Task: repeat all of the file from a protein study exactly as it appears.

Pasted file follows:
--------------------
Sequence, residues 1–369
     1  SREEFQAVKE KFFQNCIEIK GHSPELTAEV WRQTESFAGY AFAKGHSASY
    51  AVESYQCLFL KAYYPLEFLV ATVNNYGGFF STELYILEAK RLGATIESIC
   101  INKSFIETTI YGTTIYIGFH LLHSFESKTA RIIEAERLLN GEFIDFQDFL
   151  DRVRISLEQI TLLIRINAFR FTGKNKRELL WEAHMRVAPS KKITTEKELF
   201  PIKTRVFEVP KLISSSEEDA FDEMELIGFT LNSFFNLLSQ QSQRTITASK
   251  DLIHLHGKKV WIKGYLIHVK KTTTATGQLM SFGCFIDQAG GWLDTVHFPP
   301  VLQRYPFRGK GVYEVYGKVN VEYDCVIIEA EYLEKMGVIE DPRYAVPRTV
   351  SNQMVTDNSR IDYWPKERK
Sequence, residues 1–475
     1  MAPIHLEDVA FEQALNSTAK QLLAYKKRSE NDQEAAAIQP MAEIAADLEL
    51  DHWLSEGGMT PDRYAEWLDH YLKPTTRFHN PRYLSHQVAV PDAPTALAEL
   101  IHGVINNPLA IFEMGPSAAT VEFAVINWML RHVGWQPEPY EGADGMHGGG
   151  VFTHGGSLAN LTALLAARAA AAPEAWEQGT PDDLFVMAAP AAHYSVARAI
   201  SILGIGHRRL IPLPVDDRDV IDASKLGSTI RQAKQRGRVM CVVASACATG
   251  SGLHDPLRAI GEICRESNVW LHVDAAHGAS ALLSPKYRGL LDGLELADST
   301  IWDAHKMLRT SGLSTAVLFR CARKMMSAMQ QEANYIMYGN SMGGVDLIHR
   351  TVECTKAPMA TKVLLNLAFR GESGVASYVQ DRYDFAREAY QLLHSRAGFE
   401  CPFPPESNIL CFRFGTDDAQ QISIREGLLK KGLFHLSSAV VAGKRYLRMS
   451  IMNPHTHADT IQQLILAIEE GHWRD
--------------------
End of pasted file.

Sequence, residues 1–369
     1  SREEFQAVKE KFFQNCIEIK GHSPELTAEV WRQTESFAGY AFAKGHSASY
    51  AVESYQCLFL KAYYPLEFLV ATVNNYGGFF STELYILEAK RLGATIESIC
   101  INKSFIETTI YGTTIYIGFH LLHSFESKTA RIIEAERLLN GEFIDFQDFL
   151  DRVRISLEQI TLLIRINAFR FTGKNKRELL WEAHMRVAPS KKITTEKELF
   201  PIKTRVFEVP KLISSSEEDA FDEMELIGFT LNSFFNLLSQ QSQRTITASK
   251  DLIHLHGKKV WIKGYLIHVK KTTTATGQLM SFGCFIDQAG GWLDTVHFPP
   301  VLQRYPFRGK GVYEVYGKVN VEYDCVIIEA EYLEKMGVIE DPRYAVPRTV
   351  SNQMVTDNSR IDYWPKERK
Sequence, residues 1–475
     1  MAPIHLEDVA FEQALNSTAK QLLAYKKRSE NDQEAAAIQP MAEIAADLEL
    51  DHWLSEGGMT PDRYAEWLDH YLKPTTRFHN PRYLSHQVAV PDAPTALAEL
   101  IHGVINNPLA IFEMGPSAAT VEFAVINWML RHVGWQPEPY EGADGMHGGG
   151  VFTHGGSLAN LTALLAARAA AAPEAWEQGT PDDLFVMAAP AAHYSVARAI
   201  SILGIGHRRL IPLPVDDRDV IDASKLGSTI RQAKQRGRVM CVVASACATG
   251  SGLHDPLRAI GEICRESNVW LHVDAAHGAS ALLSPKYRGL LDGLELADST
   301  IWDAHKMLRT SGLSTAVLFR CARKMMSAMQ QEANYIMYGN SMGGVDLIHR
   351  TVECTKAPMA TKVLLNLAFR GESGVASYVQ DRYDFAREAY QLLHSRAGFE
   401  CPFPPESNIL CFRFGTDDAQ QISIREGLLK KGLFHLSSAV VAGKRYLRMS
   451  IMNPHTHADT IQQLILAIEE GHWRD